We who have ears to hear this parable must keep watch.  We must be ready.  When Jesus returns in his glory, there won’t be time to get our affairs in order.  There won’t be time to get right with God.  There won’t be time to make some last-minute decisions about what really matters. 

We are to live in right-standing with God now.  The blood of Jesus has done this for us.  We simply live out our salvation as the most important thing that we will do in these bodies of flesh and blood and live in such a way as to bring glory to God.

That’s our readiness.  That’s our watchfulness.

Yes, we are tuned into the signs of the times.  We know the season.  We see the love of many growing cold.  We see followers of Christ being alienated in their own countries.  We have seen this happening here in our own country. 

The time is near, but we do not know the hour.  Jesus told his disciples that he did not know when.  That time belonged to the Father alone. 

Our charge is to be ready.  We are called to, “Watch!”
What does watch mean in the 21st Century?  Here are some synonyms for this part of western Oklahoma:

·      Pop Tarts and Peanut Butter
·      Chewy Tuesdays
·      Vacation Bible School
·      Monthly memory verses and extra readiness for actually memorizing them!
·      Prayer
·      More prayer
·      Continuous prayer
·      Living each day to God’s glory.
·      Being God’s love in action.
·      Feeding hungry people.
·      Sharing the good news.
·      Putting our gifts and talents to use.
·      Kicking worry and anxiousness to the curb.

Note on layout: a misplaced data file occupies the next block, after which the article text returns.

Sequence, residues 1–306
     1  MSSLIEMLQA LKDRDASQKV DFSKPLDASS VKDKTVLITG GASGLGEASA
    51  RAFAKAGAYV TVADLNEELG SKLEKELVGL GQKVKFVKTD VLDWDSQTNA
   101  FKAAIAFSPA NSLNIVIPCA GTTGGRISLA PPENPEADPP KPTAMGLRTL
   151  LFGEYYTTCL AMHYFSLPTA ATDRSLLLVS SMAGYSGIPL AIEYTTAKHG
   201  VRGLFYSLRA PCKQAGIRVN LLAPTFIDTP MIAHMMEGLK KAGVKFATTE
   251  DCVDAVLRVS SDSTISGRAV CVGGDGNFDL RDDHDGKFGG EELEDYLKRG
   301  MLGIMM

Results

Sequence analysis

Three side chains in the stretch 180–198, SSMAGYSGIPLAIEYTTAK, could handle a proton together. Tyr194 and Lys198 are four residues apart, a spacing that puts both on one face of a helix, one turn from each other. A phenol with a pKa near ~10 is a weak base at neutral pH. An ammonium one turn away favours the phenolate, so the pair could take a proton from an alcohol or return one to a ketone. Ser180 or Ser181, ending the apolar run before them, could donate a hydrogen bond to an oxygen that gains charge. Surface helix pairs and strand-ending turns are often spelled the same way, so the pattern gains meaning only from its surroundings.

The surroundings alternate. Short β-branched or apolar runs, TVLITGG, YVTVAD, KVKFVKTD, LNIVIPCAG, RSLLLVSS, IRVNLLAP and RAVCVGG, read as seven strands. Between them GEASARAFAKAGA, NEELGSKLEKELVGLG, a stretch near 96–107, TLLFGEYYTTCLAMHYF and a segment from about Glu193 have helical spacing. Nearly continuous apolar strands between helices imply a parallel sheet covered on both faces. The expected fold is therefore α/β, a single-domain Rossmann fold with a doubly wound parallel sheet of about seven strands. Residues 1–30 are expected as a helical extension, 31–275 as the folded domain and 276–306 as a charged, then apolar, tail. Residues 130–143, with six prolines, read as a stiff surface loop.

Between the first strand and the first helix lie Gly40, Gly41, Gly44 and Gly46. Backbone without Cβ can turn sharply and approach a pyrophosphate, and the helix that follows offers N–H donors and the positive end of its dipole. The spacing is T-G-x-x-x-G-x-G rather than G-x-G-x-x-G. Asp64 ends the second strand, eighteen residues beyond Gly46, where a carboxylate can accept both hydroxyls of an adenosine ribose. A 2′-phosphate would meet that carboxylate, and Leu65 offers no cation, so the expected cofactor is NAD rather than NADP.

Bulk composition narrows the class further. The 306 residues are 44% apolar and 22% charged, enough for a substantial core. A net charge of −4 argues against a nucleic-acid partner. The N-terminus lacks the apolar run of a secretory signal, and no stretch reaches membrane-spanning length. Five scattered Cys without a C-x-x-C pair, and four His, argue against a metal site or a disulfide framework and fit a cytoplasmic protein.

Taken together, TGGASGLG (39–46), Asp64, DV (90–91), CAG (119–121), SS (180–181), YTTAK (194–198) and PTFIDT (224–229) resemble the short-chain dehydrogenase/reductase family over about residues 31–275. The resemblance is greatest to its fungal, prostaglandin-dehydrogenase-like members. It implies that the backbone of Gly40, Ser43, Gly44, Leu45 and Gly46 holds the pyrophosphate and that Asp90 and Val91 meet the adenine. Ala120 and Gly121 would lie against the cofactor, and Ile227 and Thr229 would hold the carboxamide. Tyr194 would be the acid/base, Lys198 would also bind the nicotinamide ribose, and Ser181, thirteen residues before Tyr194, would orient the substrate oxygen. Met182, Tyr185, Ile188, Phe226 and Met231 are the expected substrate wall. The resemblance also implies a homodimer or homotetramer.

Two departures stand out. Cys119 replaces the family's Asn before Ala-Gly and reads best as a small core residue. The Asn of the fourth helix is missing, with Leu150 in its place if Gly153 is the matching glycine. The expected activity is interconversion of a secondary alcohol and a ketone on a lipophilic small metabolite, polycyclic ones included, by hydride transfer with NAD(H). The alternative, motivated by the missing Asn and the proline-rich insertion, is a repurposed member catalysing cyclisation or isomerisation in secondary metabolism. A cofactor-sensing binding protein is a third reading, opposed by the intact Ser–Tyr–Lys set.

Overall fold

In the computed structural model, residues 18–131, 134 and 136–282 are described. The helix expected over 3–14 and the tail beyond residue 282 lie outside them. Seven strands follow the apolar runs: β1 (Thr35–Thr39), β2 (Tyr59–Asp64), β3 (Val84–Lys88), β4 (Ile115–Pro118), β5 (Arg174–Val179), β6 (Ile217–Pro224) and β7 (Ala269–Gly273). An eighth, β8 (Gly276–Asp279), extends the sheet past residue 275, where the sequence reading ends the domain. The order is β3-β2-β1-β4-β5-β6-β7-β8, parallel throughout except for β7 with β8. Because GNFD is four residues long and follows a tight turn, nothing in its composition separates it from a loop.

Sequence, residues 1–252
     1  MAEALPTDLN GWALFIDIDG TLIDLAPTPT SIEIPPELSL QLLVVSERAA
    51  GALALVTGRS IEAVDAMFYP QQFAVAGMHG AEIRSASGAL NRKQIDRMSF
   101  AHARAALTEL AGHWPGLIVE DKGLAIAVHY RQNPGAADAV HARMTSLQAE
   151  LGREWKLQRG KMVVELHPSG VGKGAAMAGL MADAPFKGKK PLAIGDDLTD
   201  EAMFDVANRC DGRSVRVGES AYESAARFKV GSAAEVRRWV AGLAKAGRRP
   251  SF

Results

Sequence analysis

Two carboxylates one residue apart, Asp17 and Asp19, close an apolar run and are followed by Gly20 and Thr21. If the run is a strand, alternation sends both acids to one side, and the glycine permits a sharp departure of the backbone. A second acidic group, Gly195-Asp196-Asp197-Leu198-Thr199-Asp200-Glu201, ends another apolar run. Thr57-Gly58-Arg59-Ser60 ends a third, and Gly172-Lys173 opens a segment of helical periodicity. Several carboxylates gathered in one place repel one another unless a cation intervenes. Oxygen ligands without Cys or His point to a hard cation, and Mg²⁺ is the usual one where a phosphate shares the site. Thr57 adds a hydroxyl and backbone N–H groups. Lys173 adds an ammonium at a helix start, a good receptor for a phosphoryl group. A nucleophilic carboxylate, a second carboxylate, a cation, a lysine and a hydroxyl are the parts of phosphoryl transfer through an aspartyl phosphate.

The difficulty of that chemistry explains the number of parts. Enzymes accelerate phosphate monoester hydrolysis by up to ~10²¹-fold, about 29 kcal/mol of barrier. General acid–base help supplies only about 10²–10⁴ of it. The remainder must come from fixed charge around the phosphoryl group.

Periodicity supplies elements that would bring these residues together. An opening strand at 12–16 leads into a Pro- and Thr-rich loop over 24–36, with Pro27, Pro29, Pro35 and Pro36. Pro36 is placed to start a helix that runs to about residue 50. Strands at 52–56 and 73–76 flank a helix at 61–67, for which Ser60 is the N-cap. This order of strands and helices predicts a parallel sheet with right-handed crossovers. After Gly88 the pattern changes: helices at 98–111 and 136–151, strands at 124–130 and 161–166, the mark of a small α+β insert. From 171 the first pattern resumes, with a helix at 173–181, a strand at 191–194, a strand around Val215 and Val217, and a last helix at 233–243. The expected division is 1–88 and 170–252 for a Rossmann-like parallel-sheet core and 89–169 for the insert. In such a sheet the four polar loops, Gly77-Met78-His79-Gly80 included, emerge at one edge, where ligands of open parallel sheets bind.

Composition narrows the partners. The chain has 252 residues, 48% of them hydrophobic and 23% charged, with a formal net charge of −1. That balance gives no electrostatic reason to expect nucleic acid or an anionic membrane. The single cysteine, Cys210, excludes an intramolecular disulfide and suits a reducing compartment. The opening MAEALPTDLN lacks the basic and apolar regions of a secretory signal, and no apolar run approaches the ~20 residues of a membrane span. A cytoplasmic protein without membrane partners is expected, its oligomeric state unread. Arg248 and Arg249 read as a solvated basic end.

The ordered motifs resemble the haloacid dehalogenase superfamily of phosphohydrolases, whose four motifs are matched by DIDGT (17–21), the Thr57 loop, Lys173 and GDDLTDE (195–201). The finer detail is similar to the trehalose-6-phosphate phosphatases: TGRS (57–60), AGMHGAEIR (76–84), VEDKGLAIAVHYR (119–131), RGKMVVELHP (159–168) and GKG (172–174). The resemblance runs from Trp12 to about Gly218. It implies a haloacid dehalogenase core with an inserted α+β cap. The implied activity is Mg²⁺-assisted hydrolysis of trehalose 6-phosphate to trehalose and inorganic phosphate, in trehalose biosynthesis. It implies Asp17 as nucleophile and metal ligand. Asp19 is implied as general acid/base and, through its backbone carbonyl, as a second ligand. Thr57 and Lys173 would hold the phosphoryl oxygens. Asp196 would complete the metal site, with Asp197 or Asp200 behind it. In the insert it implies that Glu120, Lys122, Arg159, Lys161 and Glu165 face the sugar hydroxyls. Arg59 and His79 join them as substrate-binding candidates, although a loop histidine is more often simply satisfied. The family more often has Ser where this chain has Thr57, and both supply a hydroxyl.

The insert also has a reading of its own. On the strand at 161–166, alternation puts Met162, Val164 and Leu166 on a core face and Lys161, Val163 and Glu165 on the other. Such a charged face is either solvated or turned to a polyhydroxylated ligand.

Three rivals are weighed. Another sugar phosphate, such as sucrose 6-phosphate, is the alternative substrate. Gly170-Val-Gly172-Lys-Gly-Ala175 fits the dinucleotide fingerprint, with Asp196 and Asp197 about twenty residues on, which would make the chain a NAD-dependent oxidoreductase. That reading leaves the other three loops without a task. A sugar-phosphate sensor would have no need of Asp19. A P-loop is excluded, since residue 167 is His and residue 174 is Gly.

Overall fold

·      Living in the joy of the Lord—yes even on our worst days.
·      Loving our neighbor.
·      Loving our enemies.  I still wish that one was a typo, but it’s not.
·      Being the light of the world.
·      Being the salt—the God seasoning—of the world.
·      Trusting in the Lord with all of your heart.
·      Regarding our own understanding with a grain or a truckload of salt.
·      Acknowledging God in everything!
·      Staying the course.
·      Pressing on towards the goal—of living for Christ and bringing others to him.
·      To know our Lord and make him known.
·      Visiting the sick and homebound.
·      Trunk or Treat
·      Walk A Block for Jesus
·      Even the Easter Egg Hunt, aka the love ambush.
·      F4
·      Sunday morning worship
·      Love offerings
·      Tithing
·      Loaves and Fishes offering
·      Worship in drama
·      Cooking, cleaning, and enjoying each other while we eat.
·      Partaking of the Lord’s Supper.
·      Giving out GOD LOVES YOU – LOVE ONE ANOTHER WRISTBANDS.
·      Making joyful sounds unto the Lord.